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Thursday, 25 June 2015

Tim's Jolly Jape

 

 The blue line shows the "axis" of the monument, and the red one shows the "newly discovered alignment."

Stonehenge mystery solved at last........ etc etc.  I've been watching with increasing incredulity the wonderfully gullible coverage in the media of Tim Daw's latest theory about the alignment of the flat face of stone 56 at Stonehenge.  There was even a photo on the BBC web site showing the sunset moment in just the right place, depending on where you stood to take the photo..... but let that pass.  This should of course have been published on April 1st, but somehow they got the dates mixed up at WANHS magazine.  So here we are, with yet another wacky alignment theory, by far the most implausible in a long history of such things.  And people keep on taking them seriously, obsessed with the search for meaning and significance. Almost anything will do, and the media will take it seriously.  So good for you, Tim! 

Er, you can't possibly be serious, can you....??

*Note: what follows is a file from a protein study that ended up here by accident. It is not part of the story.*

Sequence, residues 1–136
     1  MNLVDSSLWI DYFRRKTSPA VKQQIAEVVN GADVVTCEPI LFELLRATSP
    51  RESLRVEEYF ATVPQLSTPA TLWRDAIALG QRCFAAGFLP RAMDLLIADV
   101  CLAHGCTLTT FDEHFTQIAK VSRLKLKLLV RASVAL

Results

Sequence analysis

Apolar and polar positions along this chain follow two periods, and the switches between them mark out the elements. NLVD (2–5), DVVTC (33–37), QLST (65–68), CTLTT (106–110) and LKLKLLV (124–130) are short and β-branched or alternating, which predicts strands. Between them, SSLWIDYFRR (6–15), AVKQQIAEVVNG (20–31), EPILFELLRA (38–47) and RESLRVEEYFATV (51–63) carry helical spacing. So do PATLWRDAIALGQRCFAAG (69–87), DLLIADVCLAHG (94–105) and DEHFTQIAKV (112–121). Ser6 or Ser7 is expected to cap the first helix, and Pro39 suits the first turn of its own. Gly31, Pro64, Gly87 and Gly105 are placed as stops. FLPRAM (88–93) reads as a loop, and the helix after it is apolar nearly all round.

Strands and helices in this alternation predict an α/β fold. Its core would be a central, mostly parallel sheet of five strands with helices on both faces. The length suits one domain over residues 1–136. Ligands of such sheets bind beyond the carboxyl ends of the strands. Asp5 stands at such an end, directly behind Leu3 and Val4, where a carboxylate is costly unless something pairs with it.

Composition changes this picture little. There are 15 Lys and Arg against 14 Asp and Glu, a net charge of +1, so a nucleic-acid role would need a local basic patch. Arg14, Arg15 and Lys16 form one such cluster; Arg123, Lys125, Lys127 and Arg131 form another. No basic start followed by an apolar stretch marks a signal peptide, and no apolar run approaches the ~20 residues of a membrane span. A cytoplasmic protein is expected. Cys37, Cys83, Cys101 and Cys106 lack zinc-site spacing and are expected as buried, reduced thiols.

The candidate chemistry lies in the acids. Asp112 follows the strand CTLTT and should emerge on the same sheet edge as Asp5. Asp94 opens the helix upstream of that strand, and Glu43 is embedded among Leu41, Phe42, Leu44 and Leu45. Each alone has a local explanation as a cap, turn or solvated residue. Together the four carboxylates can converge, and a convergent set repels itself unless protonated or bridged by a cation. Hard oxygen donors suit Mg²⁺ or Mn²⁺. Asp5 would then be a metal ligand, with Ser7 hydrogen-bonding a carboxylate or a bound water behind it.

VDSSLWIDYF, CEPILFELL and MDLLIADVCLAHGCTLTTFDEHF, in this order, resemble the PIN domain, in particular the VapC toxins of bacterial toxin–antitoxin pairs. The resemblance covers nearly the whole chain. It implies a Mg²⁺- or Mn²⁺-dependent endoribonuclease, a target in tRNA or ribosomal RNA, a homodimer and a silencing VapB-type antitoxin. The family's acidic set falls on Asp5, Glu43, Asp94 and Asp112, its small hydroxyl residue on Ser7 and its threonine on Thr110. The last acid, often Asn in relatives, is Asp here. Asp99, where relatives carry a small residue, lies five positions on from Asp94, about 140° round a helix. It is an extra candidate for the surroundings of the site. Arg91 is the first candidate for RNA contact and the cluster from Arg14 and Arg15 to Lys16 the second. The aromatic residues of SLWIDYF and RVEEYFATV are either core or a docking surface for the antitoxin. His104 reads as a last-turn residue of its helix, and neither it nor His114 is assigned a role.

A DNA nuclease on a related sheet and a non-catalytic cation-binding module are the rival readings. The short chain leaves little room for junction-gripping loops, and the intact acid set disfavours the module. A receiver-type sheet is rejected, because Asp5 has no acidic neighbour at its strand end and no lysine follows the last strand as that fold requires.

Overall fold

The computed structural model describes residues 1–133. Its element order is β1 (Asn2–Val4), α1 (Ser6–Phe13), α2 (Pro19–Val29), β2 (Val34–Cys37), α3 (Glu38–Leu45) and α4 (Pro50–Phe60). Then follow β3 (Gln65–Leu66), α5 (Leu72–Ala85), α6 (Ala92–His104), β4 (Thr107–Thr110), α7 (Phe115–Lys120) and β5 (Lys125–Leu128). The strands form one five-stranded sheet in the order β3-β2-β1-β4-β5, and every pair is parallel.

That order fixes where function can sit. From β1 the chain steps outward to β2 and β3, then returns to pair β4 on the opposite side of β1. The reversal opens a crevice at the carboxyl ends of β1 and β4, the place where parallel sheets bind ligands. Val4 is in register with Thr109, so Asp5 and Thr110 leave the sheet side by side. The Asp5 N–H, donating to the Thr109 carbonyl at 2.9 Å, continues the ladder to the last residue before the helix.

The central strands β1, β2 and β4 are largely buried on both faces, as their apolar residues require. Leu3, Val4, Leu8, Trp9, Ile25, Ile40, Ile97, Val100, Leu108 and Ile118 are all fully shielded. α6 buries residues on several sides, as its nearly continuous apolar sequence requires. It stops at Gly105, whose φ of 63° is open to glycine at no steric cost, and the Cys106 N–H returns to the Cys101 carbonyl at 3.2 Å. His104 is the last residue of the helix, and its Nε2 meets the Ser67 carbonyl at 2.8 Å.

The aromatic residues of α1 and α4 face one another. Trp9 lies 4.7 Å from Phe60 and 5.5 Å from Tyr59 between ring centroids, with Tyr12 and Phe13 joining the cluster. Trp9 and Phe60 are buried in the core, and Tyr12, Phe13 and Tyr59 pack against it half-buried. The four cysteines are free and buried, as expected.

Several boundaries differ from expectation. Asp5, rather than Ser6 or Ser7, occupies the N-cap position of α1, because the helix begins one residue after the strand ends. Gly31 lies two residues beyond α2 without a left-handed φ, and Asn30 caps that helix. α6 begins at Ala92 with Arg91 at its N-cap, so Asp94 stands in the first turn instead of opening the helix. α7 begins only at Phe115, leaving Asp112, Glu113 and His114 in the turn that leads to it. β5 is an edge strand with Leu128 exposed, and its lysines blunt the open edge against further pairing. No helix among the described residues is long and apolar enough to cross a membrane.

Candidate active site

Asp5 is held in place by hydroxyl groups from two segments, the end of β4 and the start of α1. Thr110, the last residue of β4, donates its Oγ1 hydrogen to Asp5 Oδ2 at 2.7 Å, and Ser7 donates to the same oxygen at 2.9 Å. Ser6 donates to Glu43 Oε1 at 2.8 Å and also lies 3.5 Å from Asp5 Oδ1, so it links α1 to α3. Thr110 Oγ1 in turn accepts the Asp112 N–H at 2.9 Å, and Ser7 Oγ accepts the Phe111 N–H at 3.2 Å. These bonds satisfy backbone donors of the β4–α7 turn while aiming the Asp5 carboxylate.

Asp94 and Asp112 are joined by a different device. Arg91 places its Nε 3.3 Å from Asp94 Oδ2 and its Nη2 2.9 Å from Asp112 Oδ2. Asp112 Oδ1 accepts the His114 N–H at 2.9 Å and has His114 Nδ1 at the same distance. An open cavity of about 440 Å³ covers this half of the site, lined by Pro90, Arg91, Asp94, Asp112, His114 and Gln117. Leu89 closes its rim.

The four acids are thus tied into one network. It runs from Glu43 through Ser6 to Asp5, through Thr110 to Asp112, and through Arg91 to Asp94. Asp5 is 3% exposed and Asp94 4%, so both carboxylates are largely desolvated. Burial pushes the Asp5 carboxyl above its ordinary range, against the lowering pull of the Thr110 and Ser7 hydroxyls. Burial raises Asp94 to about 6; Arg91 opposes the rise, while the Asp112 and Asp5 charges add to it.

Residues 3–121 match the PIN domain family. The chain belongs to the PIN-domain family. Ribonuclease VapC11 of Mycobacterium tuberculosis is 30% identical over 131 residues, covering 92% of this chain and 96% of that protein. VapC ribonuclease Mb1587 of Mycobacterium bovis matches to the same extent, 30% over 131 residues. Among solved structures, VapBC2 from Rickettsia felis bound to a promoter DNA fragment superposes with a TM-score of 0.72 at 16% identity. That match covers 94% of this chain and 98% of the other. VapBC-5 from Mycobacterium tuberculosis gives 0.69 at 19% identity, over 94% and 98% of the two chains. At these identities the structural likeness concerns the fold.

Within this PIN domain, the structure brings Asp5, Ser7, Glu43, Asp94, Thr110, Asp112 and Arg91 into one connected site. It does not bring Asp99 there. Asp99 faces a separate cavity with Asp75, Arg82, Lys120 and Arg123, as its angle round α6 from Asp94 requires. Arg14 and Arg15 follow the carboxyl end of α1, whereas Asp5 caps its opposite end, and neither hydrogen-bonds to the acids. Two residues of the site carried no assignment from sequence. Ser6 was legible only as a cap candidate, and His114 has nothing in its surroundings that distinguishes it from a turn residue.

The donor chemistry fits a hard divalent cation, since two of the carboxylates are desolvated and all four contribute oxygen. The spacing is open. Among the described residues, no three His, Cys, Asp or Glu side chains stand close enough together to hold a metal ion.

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Stonehenge's tallest stone 'points at winter sunrise'

http://www.bbc.com/news/uk-england-wiltshire-32356993

The tallest stone at Stonehenge points towards the sunrise on the midwinter solstice, according to a new theory from a steward at the site.
Historians have long known the circle of stones is aligned with the midsummer sunrise but Tim Daw says the tallest one is lined up with the midwinter sun.
It was previously thought the stone had been put back at the wrong angle when it was re-erected in 1901.
But Mr Daw, who works there, says his research shows its angle is deliberate.
Mr Daw said: "The largest stone at Stonehenge is not where it 'should' be, it is twisted.
"This stone, Stone 56, is the tallest one at the end of the inner horseshoe of sarsen stones.
"Because it was put back to the vertical in 1901 it has been assumed that the twist is the result of the modern excavators botching the job.
"My research shows that not only was the standing stone out of symmetry with the central solstice alignment originally, but that its now fallen partner had also been, and so were surrounding stones, including the Altar Stone."
Mr Daw, who last year came up with evidence that the outer stone circle at Stonehenge was once complete, said his newly discovered alignment was at 80 degrees to the line of the axis of the monument, which points to midsummer solstice sunrise and midwinter sunset.
"The stones point to the midwinter solstice sunrise and midsummer sunset," he said.
"This alignment had been missed by previous investigators... as they used an idealised plan rather than an actual plan for their calculations."
"This isn't some nebulous sighting line on a distant star; this is 100 tonnes of stone deliberately pointing to the major event at the other end of the day the rest of the monument celebrates.